This is a card I wanted to buy very badly because it’s so so so good in the theme decks I love, such as Dragons and Zombies. However, I knew that buying it early was a formula for disaster, and waiting has proven me correct. I didn’t think it would go all the way to $5, but here we are and I’m likely to pick up a few now that they are so darn cheap.

My Worst Recommendations

04/15/2022 – Xorn (CLB Showcase Foil) @ $4, currently $2

The Monster Manual editions of cards have turned out to be a flop. There’s a subset of Magic players that go absolutely gonzo for them, and I imagine there’s a lot of the Magic/D&D overlap working at Wizards right now, but the prices speak the truth about what the wider audience says: that art style isn’t going to come back unless it’s hyper-collectible, like the Here Be Dragons Secret Lair. 

Treasures have turned out to be one of the more popular and useful things to do in Magic, and Xorn giving extras ought to have led to increases in prices. Prices have fallen hard since the set came out, though, and this version is especially cheap.

5/13/2022 – Panharmonicon (TSR Retro Foil) @ $40, currently $28 and sinking

Sadly, one of my favorite cards is also one of my worst recommendations of the year. I didn’t see the double reprint coming at all. I figured that with the blueprint version in Secret Lairs, plus this version, we were pretty set. Just a few weeks after I wrote this, we got regular, borderless, and foil-etched copies in Double Masters 2022, followed more recently by a reprint in Jumpstart 2022. That’s a double-dip for a card that has the Commander demand to survive repeated reprints, but they need to give it some time to breathe.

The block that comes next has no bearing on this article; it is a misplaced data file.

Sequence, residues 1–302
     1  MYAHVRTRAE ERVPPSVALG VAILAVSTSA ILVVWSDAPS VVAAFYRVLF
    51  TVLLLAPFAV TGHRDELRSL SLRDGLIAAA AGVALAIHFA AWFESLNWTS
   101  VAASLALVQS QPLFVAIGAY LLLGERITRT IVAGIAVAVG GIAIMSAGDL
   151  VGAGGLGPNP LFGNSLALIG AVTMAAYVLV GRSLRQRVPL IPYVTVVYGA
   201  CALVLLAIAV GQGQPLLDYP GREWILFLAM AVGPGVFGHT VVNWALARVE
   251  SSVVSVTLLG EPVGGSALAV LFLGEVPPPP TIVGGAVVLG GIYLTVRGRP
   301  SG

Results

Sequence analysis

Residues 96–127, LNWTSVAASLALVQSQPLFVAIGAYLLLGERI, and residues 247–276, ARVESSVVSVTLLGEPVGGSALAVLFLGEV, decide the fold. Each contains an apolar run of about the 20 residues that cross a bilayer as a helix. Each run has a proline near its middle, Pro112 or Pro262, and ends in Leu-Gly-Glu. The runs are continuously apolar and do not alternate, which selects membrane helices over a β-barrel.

Picking from Baldur’s Gate at the end of the year

My new rule is six months. I don’t consider buying cards for long-term growth until six months after release, and wouldn’t you know it, we’re at six months post-Commander Legends: Battle of Baldur’s Gate. I’ve learned through hard and expensive experience that I don’t want to buy cards until the floor, and it takes several months to find that floor now.

Let’s go over some cards from the set, and discuss how the price fell and fell and fell, and then decide which merit being a pick up from a vastly underpowered and poorly-selling set.

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We need to start out with the obvious: This set was underpowered for Commander, and undersold. That doesn’t mean everything is cheap, though. Here’s the entire list of cards worth more than $10 right now in nonfoil:

Fourteen cards on this list, while Streets of New Capenna has nine cards, and even Kamigawa: Neon Dynasty has seven. Granted, Baldur’s Gate cards have the assorted variations of the same four Dragons as different entries here, but these are still valid hits on pack openings. 

What we are looking for is that mix of cards that are good in Commander, based on their EDHREC inclusion, aren’t too expensive, and perhaps have some Eternal applications. I don’t worry about Standard these days, and you shouldn’t spec based on that format either.